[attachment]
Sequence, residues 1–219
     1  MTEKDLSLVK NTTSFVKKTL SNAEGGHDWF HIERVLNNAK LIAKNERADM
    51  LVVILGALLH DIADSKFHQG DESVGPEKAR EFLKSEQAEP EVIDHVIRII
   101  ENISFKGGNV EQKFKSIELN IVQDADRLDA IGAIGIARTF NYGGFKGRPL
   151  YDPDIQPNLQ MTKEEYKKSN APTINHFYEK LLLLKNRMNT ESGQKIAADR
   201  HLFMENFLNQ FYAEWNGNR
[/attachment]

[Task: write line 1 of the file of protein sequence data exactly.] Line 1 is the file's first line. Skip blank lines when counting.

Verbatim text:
Sequence, residues 1–219